Brown people need a grand story, and there’s no one deﬁnitive account
Kamal Al-Solaylee is an associate professor at the School of Journalism at Ryerson University. His first book Intolerable: A Memoir of Extremes won the Toronto Book Award and was a finalist for the Hilary Weston Writers’ Trust Prize for Nonfiction, a Lambda Literary Award, and CBC’s Canada Reads. Born in Yemen, Al-Solaylee was the national theatre critic for The Globe and Mail and holds a PhD in Victorian literature from the University of Nottingham. He lives in Toronto. Al-Solaylee is shortlisted for the Writers’ Trust’s Shaughnessy Cohen Prize for Political Writing for his book Brown: What Being Brown in the World Today Means (to Everyone), published by HarperCollins Canada. The Shaughnessy Cohen Prize winner will be announced at the Politics & the Pen gala in Ottawa on May 10.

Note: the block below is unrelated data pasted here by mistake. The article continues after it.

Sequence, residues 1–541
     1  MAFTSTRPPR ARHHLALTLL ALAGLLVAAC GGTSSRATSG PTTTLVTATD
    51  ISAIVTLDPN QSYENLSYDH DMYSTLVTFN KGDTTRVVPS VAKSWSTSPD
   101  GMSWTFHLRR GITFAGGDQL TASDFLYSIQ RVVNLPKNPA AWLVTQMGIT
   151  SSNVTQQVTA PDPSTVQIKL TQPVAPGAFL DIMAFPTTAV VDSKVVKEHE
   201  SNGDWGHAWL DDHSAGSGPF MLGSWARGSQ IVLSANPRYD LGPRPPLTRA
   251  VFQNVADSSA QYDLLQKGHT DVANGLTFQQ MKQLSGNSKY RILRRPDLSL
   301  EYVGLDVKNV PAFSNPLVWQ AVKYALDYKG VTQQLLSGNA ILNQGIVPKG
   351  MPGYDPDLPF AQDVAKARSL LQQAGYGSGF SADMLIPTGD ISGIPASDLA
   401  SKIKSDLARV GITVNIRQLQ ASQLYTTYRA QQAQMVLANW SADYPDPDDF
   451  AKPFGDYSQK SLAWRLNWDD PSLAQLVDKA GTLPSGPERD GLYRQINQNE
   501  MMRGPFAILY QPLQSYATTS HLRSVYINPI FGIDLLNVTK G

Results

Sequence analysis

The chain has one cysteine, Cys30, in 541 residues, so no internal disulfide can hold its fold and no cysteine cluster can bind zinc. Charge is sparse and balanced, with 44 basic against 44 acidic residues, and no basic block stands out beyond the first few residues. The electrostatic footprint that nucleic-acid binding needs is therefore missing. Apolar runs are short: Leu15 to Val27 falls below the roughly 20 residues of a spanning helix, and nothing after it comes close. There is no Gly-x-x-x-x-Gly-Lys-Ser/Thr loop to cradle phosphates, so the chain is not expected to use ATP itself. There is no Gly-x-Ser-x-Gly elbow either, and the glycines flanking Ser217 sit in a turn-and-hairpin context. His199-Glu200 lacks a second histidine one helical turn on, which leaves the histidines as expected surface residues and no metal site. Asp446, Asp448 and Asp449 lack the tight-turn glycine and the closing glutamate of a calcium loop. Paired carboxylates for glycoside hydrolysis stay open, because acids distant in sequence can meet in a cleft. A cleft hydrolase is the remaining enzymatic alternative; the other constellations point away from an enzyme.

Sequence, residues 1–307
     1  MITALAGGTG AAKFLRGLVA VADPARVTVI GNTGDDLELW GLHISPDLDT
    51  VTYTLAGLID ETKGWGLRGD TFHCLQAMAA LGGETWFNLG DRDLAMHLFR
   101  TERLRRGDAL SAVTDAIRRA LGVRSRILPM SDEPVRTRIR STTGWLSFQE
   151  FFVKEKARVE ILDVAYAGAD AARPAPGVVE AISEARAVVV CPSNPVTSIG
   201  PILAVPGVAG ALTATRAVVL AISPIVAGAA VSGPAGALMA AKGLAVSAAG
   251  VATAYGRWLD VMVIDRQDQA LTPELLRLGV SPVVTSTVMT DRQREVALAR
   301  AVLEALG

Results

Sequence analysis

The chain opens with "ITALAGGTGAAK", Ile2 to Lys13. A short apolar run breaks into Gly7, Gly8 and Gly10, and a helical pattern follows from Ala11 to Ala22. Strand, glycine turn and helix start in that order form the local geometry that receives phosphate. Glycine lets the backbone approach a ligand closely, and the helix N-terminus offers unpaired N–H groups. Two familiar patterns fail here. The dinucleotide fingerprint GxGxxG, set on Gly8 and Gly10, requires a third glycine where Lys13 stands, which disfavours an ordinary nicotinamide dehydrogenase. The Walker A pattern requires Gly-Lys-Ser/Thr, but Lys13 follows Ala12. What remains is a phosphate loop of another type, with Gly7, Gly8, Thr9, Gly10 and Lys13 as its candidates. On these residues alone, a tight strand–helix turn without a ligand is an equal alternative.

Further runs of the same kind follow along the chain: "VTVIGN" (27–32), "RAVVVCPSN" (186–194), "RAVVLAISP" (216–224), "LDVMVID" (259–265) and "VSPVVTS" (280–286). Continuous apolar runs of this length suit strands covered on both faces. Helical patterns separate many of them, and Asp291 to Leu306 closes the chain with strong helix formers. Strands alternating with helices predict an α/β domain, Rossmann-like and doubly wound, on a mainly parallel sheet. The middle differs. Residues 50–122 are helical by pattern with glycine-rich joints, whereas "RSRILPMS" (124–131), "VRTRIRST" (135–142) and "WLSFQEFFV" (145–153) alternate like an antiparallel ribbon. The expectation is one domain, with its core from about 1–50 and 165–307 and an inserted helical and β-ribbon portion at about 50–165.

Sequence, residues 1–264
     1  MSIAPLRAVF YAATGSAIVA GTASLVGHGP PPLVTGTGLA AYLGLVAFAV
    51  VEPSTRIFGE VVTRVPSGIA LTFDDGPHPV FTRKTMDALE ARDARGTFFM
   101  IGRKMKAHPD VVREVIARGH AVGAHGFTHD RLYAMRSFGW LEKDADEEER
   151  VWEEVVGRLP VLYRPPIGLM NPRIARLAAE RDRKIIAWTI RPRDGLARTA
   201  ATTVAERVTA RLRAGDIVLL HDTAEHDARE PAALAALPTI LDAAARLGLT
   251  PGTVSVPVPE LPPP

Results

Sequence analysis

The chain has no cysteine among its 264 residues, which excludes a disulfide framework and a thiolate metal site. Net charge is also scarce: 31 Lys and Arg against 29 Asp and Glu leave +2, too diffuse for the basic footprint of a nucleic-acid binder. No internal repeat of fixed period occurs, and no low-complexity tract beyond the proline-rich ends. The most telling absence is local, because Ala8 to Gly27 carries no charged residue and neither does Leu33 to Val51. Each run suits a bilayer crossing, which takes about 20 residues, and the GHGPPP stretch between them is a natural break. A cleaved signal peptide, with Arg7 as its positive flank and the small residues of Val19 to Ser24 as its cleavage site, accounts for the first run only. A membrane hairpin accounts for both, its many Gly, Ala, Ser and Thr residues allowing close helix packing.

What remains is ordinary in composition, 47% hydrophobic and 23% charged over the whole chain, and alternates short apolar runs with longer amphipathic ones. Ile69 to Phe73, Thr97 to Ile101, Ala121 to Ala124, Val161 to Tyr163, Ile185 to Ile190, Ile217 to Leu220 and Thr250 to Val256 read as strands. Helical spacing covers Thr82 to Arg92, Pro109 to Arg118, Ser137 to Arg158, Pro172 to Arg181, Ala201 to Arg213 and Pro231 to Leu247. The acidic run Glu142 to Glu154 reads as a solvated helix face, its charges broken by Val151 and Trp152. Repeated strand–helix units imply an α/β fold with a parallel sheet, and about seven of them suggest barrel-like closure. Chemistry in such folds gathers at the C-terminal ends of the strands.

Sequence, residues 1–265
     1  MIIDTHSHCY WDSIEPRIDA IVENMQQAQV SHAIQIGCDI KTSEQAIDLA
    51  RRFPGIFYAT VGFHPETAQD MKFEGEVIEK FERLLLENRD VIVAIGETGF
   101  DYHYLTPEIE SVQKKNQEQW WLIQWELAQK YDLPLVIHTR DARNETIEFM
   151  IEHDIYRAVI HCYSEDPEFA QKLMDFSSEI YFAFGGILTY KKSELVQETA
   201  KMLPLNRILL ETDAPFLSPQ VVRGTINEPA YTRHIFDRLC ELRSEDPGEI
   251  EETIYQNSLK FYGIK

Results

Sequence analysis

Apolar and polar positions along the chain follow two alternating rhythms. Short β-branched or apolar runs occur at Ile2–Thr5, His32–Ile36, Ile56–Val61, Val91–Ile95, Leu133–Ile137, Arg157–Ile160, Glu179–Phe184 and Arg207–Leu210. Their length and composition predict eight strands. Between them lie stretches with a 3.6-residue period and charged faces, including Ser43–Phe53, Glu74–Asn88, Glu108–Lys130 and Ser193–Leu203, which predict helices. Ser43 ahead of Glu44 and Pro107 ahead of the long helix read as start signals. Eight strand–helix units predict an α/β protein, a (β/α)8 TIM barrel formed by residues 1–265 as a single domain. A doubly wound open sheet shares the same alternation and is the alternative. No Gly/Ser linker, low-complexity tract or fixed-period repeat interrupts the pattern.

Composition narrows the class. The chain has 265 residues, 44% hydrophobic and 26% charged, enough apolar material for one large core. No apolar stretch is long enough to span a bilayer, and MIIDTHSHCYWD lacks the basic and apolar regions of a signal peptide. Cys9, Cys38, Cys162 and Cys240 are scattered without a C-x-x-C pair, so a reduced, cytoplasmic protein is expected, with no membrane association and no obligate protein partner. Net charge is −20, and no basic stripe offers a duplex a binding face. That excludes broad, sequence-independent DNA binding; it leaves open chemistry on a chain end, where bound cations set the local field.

Kamal Al-Solaylee, author of Brown: What Being Brown in the World Today Means (to Everyone), published by HarperCollins Canada: 'For much of our history, we’ve been deﬁned by others—as the brown race, as the weaker tribe, as the civilization-ready subjects of empires. But the time has come for us to self-identify as we wish.'